The Sea Wife

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by Lynn Love

*

'I have a gift for you, wife.' Dag is soaked to the bone, water dripping from eyebrows thick as thatch. He smells of the sea, salt and fish and days sleeping and living on the deck of a fishing boat.

Ebba curls her lip against the smell. 'I want none of your gifts.' Winter is coming and the cold presses through her furs, pinching the tip of her nose, shrinking her skin tight to the bone. 'Did you bring food?'

He kneels before the fire, wreathed in smoke, steam soon rising from his wet clothes. From under his furs he brings a bundle of seal skin. He lays it on the ashy ground where it twitches then lies still.

'What is it?' She wants to see, but holds back, trying to hid her curiosity. Her breath hangs in the air. The package begins to writhe, wriggling as if full of eels. 

Ebba is no newlywed bride, easy won by golden slivers of smoked herring. Two decades of marriage have pared her body down, made it taut as a drum skin, her back stiff, her heart nigh impossible to melt. She waits and watches.

Dag inches the sealskin aside and at first there is little to see, just a nub of flesh, pink with a haze of green, like a body adrift in a shallow sea. 

'I don't have time —'

Then she sees him — a baby — doughy legs suffused with jade, metallic in the firelight. For once she cannot speak.

'I found him,' says Dag. 'Tangled in the nets with the fry, a torsk clenched in his fist as if it was a spear.'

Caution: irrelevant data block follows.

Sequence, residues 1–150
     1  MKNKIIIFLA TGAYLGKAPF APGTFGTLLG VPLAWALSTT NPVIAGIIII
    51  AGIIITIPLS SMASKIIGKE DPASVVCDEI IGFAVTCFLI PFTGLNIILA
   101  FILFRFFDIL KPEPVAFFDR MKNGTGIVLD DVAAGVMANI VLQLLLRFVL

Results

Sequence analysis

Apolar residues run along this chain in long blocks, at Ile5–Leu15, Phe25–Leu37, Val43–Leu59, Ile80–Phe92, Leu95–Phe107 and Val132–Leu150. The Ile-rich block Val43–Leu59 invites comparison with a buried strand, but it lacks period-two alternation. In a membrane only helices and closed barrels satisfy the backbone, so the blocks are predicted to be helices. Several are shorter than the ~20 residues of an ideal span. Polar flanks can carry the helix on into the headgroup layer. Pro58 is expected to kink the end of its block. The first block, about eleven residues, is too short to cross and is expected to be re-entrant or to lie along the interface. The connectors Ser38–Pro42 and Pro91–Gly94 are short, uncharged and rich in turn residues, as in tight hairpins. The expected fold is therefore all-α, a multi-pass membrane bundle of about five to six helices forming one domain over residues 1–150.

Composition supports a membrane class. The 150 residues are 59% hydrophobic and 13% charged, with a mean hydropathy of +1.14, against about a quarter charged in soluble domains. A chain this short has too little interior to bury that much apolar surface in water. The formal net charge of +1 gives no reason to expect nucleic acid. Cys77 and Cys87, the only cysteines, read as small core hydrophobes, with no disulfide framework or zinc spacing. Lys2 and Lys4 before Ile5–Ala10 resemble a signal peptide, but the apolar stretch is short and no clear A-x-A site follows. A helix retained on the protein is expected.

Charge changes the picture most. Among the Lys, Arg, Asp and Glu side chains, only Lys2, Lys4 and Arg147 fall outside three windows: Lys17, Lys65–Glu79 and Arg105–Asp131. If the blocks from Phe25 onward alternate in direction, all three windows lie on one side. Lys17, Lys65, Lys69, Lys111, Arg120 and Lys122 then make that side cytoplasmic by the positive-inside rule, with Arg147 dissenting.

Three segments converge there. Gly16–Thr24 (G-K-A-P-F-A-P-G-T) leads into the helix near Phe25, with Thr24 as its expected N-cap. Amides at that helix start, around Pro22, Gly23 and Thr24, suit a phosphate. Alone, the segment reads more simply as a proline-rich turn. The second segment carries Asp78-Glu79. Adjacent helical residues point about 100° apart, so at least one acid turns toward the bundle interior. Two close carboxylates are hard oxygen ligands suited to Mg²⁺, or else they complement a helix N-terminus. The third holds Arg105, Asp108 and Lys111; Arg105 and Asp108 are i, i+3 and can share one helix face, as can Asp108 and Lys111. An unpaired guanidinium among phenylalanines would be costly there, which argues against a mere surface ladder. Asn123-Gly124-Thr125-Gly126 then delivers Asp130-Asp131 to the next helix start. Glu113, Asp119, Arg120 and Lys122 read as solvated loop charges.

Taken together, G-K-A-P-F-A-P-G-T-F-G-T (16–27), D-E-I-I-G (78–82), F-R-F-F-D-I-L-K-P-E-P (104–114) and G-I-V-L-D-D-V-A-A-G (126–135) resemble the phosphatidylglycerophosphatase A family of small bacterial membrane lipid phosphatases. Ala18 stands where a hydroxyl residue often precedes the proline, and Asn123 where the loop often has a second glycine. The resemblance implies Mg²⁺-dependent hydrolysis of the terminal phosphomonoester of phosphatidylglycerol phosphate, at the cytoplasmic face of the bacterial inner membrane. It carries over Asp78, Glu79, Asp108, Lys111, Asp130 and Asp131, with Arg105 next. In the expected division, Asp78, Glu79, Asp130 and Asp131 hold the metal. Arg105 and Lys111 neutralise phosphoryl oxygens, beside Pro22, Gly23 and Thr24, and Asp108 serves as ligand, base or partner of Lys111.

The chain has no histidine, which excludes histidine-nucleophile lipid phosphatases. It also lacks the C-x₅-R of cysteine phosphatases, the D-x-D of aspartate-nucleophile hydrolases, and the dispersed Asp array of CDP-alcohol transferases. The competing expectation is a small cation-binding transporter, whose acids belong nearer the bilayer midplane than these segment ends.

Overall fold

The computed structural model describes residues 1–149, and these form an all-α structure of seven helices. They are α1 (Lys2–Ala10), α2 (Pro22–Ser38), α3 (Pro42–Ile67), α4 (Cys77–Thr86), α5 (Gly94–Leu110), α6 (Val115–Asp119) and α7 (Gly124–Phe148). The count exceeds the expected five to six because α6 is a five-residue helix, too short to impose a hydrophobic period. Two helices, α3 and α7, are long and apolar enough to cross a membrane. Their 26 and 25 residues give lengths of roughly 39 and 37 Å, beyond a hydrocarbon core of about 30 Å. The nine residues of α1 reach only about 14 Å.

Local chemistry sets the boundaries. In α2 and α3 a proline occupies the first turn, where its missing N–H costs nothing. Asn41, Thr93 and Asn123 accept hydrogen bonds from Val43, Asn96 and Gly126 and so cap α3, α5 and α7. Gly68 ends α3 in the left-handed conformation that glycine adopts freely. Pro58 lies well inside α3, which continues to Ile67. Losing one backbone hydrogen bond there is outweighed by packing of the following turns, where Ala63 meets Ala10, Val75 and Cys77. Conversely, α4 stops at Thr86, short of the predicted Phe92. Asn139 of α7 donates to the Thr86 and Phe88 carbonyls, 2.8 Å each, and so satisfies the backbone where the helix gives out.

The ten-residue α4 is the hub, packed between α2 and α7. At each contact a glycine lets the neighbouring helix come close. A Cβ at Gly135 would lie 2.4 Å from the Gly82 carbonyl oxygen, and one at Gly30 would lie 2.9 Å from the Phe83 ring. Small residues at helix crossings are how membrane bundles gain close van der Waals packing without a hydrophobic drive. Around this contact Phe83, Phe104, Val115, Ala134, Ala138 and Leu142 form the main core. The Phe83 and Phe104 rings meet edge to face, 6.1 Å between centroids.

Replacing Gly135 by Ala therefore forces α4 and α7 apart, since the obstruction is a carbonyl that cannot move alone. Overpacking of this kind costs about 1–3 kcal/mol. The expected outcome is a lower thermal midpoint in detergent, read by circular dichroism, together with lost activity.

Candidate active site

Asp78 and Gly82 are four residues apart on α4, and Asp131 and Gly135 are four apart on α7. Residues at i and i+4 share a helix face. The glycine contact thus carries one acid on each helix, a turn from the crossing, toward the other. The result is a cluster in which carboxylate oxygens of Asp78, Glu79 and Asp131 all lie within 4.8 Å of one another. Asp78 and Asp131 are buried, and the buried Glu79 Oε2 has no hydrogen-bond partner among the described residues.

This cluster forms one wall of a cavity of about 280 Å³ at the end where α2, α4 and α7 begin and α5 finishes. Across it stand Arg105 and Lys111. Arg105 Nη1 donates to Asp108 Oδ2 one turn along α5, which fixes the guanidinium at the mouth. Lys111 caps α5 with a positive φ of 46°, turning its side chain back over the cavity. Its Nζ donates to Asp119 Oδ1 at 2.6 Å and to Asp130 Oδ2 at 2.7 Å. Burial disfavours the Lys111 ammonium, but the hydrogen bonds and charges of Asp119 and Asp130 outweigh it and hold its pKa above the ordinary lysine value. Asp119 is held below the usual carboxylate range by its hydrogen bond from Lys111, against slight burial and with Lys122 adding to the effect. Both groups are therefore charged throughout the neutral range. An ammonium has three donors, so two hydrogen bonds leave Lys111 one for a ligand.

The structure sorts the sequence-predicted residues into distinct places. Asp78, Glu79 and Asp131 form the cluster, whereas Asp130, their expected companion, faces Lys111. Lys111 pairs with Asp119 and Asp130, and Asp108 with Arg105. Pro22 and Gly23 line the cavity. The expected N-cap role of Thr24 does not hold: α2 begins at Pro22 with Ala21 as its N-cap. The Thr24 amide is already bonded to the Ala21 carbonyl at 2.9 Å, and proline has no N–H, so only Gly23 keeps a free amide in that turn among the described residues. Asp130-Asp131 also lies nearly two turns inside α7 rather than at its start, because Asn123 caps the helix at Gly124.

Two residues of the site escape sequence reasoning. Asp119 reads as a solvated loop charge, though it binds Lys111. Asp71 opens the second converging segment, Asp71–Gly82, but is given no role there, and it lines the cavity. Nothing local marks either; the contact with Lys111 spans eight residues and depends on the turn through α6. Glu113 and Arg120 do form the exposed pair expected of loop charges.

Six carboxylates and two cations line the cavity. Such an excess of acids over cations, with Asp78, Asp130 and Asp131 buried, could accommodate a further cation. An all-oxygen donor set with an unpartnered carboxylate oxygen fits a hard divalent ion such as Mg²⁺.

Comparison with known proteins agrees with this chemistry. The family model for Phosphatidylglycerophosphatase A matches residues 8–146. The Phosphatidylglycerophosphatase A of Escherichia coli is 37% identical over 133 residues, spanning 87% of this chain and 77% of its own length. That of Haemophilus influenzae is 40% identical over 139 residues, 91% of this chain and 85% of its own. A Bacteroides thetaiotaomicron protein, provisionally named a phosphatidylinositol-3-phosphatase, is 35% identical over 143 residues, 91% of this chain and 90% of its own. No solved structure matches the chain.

Ebba reaches, runs a finger over the little stomach, scales catching her finger. Reluctantly, she pulls back. 'He belongs to the Sea Wife, Dag. To the Havsrå. You must take him, throw him back.' Even as the words drop from her lips, the pewter eyes hook into hers and she wants to wrap the little creature in her shawl, feel his cool skin warmed.

Dag rests a hand on hers. 'The Havsrå gave him up. He is ours now.'

'We're too old ...'

But Dag has decided. 'We shall call him Hákon.'

Ebba slips her finger into the little fist, the touch thawing something inside her. 'Ours?'

*

'Come in, get warm,' says Ebba, poking the fire, making sparks jump across the beaten floor. 'You stink like you've bathed in fish. What do you and Jarl do on that boat? Sleep with the catch?'

Hákon crouches in the glow, chafes his palms. 

'Have you brought me saithe, hälleflundra, ling?' smiles Ebba, chattering to fill her son's silence. She knows the answer — no man on the island fishes like him. 

He nods. 'Full nets.'

Always full nets. 'Your Far would be proud.' 

Dag was lost three years earlier. He's out there still in the cold and the brine, hair combed by the sea's chill fingers. The thought snags at her.

'I heard her again, Mor.' Hákon's voice is no more than a whisper, but it cuts through the howl of the wind through the shutters, the crack and snap of the flames.

'The Havsrå?' Ebba slowly lowers herself to her stool, hands resting carefully on her knees. 'What does she say?' 

The fire leaps suddenly, the blaze lighting her son's face, making his skin glow gold. 'What she always says. That she wants me to go home. That I am havsbarn, a Sea Child. And hers.'

A log crumples, falls to fibrous ash in the hearth. 

'What is it you want?' Ebba licks her lip, waits.

'It hurts, Mor.' His hands rub together, the scales catching, making a chiff-chiff sound. 'It feels like harpoons in my head when she calls. Like a gutting knife running round the inside of my skull.'